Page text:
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ARS Home » Southeast Area » Dawson, Georgia » National Peanut Research Laboratory » Research » Publications at this Location » Publication #256984

Research Project: Systems to Assess, Monitor, and Preserve Peanut Quality and Safety

Location: National Peanut Research Laboratory

Title: Nondestructive analysis of in-shell peanuts for moisture content using a custom built NIR Spectrometer

item Kandala, Chari
item Sundaram, Jaya - University Of Georgia
item Govindarajan, K.n. - University Of Nebraska
item Subbiah, Jeyam - University Of Nebraska

Submitted to: Journal of Food Engineering
Publication Type: Peer Reviewed Journal
Publication Acceptance Date: 3/1/2011
Publication Date: 12/1/2011
Citation: Kandala, C., Sundaram, J., Govindarajan, K., Subbiah, J. 2011. Nondestructive analysis of in-shell peanuts for moisture content using a custom built NIR Spectrometer. Journal of Food Engineering. 2:1-7.

Interpretive Summary: Moisture content in peanuts plays important role in the farmer’s stock peanut grading. A device that can measure moisture content rapidly, and without destroying the test samples, would be useful. Presently, capacitance type moisture measuring devices are in commercial use. However, they need the peanut samples to be shelled and cleaned before measurements. Some of the instruments are for use on single kernels and not useful for measurements on bulk samples. Techniques using near infrared (NIR) spectroscopy for food quality measurements are becoming more popular in food processing and quality inspection of agricultural commodities. NIR spectroscopy has several advantages over conventional physical and chemical analytical methods of food quality analysis. It is a rapid and non destructive method, and provides more information about the components present in the food and food product samples. By NIR methods more than one parameter can be measured simultaneously. In this work, a custom made NIR spectroscope was used to measure the moisture content of two different varieties of peanuts, Valencia and Virginia. The moistures of the peanuts tested was between 6% and 26% (wet basis). Before collecting the NIR spectrum of the conditioned samples, moisture contents were determined using standard air-oven method. Reflected energy spectrum from the sample was collected and recorded for each sample. Partial Least Square (PLS) analysis was carried for each of the varieties to build a regression model. Several pretreatments were conducted on the collected data of the calibration and validation groups. From PLS analysis carried on calibration groups prediction models were developed. These models were used with the validation groups to predict the moisture content of the peanuts. Predicted moisture content and the measured moisture content using standard air-oven method were compared to find the best model, based on the values of R2 and standard error of prediction (SEP).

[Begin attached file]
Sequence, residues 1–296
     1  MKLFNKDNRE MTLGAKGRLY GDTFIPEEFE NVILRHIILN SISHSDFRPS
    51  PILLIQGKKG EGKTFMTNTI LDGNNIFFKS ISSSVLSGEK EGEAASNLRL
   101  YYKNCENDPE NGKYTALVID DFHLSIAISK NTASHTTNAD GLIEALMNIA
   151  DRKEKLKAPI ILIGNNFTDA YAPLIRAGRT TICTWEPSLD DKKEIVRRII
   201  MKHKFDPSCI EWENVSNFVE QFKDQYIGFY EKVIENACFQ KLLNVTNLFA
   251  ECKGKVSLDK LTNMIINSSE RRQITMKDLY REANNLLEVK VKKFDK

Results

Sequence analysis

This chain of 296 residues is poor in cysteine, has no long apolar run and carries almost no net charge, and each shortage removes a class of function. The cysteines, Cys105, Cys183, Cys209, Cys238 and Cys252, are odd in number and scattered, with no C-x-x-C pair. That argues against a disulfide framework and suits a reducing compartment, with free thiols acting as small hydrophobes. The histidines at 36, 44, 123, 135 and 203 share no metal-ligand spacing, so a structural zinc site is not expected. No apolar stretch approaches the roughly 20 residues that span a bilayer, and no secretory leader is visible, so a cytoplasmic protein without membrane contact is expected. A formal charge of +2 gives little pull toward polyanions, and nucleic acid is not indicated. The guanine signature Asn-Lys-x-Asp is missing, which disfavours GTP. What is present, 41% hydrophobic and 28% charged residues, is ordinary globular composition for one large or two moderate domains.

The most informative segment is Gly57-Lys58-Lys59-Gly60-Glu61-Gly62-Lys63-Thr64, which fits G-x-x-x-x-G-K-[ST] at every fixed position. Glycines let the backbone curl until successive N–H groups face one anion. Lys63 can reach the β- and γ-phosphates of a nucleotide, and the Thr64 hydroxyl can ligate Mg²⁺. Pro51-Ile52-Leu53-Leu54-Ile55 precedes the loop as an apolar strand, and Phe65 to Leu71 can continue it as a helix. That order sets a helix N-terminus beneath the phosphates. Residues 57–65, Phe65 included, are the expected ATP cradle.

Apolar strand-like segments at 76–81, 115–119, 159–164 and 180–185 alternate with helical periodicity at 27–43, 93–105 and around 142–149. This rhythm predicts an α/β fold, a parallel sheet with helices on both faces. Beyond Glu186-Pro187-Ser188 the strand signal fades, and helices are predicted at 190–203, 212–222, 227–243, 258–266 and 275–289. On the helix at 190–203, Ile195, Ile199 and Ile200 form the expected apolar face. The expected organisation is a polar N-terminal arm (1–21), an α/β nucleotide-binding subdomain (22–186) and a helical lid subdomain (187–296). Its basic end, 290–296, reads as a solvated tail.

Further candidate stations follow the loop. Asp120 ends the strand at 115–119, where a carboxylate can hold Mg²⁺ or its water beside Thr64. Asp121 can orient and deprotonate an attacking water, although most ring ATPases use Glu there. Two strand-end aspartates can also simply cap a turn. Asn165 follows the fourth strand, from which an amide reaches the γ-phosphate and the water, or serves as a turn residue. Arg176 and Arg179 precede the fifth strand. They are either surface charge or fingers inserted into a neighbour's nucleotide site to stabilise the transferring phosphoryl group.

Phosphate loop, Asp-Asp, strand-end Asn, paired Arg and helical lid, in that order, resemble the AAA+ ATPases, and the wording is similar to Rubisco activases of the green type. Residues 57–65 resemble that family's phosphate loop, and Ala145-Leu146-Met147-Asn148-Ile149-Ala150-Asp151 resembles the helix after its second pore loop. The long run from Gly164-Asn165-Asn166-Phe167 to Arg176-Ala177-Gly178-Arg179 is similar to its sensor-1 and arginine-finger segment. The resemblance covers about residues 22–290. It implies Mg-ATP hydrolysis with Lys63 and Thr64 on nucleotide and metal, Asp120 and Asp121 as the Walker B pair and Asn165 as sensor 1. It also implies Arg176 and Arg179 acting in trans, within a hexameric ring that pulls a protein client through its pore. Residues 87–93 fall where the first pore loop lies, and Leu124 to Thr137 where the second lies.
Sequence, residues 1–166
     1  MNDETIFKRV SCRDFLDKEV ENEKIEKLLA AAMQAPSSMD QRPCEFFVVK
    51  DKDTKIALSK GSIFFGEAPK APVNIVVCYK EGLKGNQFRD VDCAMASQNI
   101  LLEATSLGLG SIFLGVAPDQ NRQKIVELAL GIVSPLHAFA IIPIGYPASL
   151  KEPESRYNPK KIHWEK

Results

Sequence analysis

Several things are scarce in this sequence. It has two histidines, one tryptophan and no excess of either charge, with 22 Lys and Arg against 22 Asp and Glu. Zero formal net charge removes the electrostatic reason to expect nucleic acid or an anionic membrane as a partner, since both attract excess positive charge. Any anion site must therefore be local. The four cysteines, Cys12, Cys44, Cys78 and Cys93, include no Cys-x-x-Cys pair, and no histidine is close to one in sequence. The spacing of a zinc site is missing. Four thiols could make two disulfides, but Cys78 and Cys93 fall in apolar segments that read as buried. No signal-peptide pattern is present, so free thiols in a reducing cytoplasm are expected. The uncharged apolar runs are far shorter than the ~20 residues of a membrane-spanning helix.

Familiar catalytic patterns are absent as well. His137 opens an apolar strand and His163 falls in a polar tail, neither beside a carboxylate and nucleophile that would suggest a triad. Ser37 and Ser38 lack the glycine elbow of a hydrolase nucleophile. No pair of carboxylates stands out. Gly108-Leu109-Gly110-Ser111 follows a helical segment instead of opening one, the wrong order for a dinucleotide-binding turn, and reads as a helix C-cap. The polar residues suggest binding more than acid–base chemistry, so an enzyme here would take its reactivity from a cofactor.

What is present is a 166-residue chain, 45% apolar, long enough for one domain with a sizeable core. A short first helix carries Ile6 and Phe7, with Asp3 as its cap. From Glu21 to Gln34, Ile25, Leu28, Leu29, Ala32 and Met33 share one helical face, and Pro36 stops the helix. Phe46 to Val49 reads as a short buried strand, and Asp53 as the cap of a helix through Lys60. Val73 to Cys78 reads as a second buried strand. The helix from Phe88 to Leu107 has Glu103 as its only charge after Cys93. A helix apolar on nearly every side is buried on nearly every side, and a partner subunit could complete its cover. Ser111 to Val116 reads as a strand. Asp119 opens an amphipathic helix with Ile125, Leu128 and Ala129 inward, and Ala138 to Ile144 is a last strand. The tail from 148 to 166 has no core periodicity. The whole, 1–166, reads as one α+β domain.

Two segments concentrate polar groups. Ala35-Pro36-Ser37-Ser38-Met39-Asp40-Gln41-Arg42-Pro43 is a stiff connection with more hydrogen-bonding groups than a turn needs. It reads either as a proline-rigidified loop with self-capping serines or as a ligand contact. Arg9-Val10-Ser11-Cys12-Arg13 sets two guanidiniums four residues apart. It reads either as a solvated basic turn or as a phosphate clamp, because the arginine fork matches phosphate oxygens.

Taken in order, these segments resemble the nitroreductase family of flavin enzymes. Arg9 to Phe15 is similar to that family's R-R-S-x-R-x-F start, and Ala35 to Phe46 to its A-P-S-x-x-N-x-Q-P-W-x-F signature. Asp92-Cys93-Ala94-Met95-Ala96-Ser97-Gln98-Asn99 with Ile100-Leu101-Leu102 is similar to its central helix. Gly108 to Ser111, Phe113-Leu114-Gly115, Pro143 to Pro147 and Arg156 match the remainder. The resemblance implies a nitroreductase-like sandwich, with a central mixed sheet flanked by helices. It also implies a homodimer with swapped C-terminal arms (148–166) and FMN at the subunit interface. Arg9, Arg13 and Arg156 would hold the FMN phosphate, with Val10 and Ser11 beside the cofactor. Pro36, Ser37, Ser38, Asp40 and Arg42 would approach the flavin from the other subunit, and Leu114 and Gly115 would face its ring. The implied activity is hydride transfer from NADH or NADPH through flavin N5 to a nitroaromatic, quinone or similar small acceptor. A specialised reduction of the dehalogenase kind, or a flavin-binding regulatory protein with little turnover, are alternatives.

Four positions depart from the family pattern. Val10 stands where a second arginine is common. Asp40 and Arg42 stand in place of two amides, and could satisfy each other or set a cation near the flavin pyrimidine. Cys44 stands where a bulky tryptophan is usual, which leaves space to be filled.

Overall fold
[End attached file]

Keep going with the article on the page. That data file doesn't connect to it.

Technical Abstract: A Custom made NIR spectroscope was used to determine the moisture content of in-shell peanuts of two different market types namely Virginia and Valencia. Peanuts were conditioned to different moisture levels between 6 and 26 % (wet basis). Samples from the different moisture levels were separated into two groups such as calibration and validation. NIR absorption spectral data from 1000 nm to 2500 nm were collected from the calibration and validation groups. Measurements were obtained on 30 replicates within each moisture level. Reference moisture data were developed using standard air-oven method. Partial Least Square (PLS) analysis was performed on the calibration set spectral data and models were developed. The Standard Error of Calibration (SEC) and R2 of the calibration models were computed to select the best calibration model. Both Valencia and Virginia types gave R2 of 0.99. The models were used to predict the moisture content of peanuts in the validation set. Predicted moisture contents of the validation samples were compared with their standard air-oven moisture values. Goodness of fit was determined based on the lowest Standard Error of Prediction (SEP) and highest R2 value obtained for the prediction models. The model, with reflectance plus normalization spectral data with an SEP of 0.74 for Valencia and 1.57 for Virginia type in-shell peanuts was selected as the best model. The corresponding R2 values were 0.98 for both peanut types.